8 thoughts on “Honor?”

  1. I think the anti-Moneyball backlash has as much to do with Lewis’s framing of the scouts-vs-stats issue as with the relative merits of the two approaches. I found the book to be informative and entertaining, but excessively fawning upon Beane and disdainful of scouts on too personal a level. His depiction of pre-draft meetings that included the scouts and “statheads” tended to ridicule the appearance and frustration of the scouts, which to me was unnecessary.

    I enjoyed JCs review of Shanks’ book, particularly this line:

    But if Chipper Jones’ willingness to lay out a high school player is more important than his career .400 OBP, then I’ve got some teenagers to punch.


  2. Thanks for bringing this to our attention, Mac.
    I’m anxious to read the book, having read “Moneyball” more than once. This article’s author points out that there’s more than one way to create a baseball team. That should be the real lesson of these books.
    Let’s praise these men for their efforts and results in putting competitive teams on the field. In an era where MLB owns and manages one team (not counting the Brewer), it’s a pleasure to know how these successful teams were built.

  3. Update on Billy and Paul, the geniuses.

    May 14th in Comments:

    “let’s see how well the dodgers are doing 25 games from now.

    “why is everyone paying attention to the dodgers’ current success versus, say, the A’s current crappiness? actually, i’d put a lot more money on the A’s to pull out of the slump than the dodgers’ chances of keeping up the wins.”

    Well, only half right.

    I know, small sample sizes and all.

    No one talked about that when the Dodgers’ early success was being touted as DePodesta vindication, though.

  4. Howard,

    I think your beef is elsewhere. I have way too much time on my hands, and I couldn’t find anyone here saying that the Dodgers would keep up their pace.

    But, hey, what can I say? You’re a genius, man.

    Still, they’re only 2 games out. And only one team in that division has scored more runs than they have (by 13). And only one team – a different one – has given up fewer runs (by 16). All this *looks* like a team that is still competitive. But I don’t know, maybe I don’t know how to look at the standings. I’m probably part of the 99% of fans that Carl Everett has proven doesn’t know what he’s watching.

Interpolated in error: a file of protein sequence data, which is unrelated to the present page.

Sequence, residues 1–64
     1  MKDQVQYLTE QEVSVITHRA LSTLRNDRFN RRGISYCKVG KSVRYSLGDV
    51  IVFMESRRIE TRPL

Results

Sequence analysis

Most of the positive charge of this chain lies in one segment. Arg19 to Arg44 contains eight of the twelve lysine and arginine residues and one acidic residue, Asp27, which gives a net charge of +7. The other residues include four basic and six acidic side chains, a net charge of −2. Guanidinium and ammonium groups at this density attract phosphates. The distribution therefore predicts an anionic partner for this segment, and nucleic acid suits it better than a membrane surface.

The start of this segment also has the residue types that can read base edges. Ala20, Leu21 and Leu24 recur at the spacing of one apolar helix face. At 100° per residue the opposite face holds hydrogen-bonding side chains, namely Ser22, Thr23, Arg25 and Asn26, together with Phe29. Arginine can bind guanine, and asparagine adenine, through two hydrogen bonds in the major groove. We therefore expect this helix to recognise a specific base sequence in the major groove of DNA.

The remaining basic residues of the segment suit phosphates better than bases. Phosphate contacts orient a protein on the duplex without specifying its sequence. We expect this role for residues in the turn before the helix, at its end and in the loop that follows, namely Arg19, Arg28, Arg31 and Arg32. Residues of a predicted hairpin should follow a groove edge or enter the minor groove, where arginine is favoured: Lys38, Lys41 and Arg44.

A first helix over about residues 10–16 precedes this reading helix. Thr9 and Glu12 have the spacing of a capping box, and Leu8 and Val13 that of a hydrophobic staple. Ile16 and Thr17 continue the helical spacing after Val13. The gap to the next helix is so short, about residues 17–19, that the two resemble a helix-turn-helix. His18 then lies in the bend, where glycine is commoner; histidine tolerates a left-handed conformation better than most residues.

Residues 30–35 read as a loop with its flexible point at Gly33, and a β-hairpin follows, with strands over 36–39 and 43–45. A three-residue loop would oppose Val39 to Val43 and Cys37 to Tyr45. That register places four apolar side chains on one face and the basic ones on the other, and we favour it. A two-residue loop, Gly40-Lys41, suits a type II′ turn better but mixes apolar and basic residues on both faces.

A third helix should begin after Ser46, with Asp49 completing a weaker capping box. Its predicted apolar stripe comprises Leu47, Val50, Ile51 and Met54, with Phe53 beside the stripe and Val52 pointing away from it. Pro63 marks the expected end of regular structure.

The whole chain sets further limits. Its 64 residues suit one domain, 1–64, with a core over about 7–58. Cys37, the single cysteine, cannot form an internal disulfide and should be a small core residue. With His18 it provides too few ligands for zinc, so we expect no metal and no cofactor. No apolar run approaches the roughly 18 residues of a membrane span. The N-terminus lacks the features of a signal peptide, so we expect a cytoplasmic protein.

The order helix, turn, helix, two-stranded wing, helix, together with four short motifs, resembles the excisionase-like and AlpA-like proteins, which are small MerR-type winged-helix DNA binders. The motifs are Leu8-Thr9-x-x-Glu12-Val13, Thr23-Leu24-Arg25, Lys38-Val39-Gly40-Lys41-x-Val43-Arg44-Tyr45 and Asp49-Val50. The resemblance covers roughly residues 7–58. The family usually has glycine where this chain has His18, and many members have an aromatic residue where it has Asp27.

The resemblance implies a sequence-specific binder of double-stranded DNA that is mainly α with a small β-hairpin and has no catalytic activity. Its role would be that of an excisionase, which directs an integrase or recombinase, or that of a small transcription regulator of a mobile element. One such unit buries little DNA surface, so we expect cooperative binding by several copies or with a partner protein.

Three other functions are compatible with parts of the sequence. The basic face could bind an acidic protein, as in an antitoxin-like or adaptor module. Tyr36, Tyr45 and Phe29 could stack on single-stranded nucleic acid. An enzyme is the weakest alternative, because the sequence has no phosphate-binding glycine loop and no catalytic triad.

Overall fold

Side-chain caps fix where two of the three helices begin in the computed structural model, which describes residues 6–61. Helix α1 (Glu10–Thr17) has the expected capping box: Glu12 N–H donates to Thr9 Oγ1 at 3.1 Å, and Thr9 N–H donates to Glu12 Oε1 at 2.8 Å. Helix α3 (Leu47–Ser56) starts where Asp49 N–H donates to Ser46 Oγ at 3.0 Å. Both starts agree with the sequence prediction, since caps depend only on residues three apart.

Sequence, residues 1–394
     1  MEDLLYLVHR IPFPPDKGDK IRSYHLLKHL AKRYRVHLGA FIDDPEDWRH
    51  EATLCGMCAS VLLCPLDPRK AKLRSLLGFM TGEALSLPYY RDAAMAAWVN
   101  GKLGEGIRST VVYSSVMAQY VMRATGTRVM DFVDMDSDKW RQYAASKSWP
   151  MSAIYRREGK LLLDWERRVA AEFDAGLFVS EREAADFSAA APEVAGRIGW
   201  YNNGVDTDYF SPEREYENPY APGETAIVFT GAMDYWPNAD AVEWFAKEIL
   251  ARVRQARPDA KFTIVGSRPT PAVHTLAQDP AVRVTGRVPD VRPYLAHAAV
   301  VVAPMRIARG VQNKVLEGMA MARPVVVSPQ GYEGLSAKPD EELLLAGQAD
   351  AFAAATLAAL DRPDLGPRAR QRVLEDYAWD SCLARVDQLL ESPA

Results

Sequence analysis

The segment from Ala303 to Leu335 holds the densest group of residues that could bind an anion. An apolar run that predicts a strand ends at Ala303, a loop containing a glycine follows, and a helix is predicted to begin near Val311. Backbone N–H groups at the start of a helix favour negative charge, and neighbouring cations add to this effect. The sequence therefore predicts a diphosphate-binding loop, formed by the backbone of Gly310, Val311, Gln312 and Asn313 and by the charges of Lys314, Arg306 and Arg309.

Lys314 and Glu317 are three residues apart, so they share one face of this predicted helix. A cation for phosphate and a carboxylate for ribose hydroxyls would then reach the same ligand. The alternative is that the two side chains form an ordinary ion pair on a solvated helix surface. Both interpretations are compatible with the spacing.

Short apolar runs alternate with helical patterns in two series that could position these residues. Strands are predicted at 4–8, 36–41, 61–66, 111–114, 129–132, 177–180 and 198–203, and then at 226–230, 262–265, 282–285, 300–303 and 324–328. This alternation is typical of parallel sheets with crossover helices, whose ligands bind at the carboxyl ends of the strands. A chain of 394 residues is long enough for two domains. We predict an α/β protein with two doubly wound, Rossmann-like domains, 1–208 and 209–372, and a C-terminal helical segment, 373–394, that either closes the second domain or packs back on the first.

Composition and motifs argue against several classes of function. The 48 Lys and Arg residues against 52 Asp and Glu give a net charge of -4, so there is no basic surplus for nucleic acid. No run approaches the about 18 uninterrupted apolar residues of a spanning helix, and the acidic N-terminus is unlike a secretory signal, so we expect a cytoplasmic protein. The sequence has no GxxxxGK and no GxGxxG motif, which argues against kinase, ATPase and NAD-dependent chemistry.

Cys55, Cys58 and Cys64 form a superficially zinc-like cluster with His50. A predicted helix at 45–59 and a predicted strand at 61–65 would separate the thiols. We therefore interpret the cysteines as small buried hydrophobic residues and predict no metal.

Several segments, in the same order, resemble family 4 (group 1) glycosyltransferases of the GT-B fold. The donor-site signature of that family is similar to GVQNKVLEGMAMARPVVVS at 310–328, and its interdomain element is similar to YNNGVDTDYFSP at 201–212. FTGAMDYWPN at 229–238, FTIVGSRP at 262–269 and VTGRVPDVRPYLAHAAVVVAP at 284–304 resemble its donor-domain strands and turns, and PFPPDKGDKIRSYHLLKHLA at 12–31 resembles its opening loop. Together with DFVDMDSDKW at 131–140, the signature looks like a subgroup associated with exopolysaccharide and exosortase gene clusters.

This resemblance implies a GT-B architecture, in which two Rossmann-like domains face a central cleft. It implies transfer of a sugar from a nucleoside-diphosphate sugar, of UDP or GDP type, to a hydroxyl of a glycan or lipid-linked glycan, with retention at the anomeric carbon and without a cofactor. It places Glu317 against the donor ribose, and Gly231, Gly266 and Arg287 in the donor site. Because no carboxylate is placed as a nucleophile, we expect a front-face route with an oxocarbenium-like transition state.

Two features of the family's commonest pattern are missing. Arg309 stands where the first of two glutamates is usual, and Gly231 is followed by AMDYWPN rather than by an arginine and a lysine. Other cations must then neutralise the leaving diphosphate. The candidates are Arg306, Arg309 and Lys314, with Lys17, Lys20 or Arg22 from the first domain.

5. Billy Bean looks at a hitters On-base %, the Braves look for pitcher that get guys out.

  6. I think there are different philosophies that are current for putting a team together, and that these philosophies change just as people change or evolve or forget. Staticians I think are neither more right or more wrong in the evaluation process BUT they can be more consistent than the other forms of philosophies for putting a team together. Then again there isn’t one way to look at statistics. Numbers don’t tell the truth, people do.

  7. Actually, Smitty, most teams look at hitters’ OBP now. Even the Braves do, but they don’t talk about it all that much. I don’t know that it’s a huge focus for them, but they certainly do look at it. It creeps into coments here and there (in fact, it was Cox specifically mentioned it when talking about why Kelly Johson was promted). Maybe a lot of teams wouldn’t yet agree that it is the most important offensive statistic (although I’m confortable in what I’ve seen proving that it is), but most realize that it is incredibly meaningful.

    Everybody looks for pitchers that get people out. But I guess it’s easier for some people to make bogus comparisons like that.

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